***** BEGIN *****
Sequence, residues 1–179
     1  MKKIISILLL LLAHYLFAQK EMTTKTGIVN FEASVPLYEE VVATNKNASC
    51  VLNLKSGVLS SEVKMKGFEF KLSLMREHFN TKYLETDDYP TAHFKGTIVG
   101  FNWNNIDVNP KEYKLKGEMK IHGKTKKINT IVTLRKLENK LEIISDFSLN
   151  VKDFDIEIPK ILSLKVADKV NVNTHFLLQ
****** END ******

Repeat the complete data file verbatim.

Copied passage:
Sequence, residues 1–179
     1  MKKIISILLL LLAHYLFAQK EMTTKTGIVN FEASVPLYEE VVATNKNASC
    51  VLNLKSGVLS SEVKMKGFEF KLSLMREHFN TKYLETDDYP TAHFKGTIVG
   101  FNWNNIDVNP KEYKLKGEMK IHGKTKKINT IVTLRKLENK LEIISDFSLN
   151  VKDFDIEIPK ILSLKVADKV NVNTHFLLQ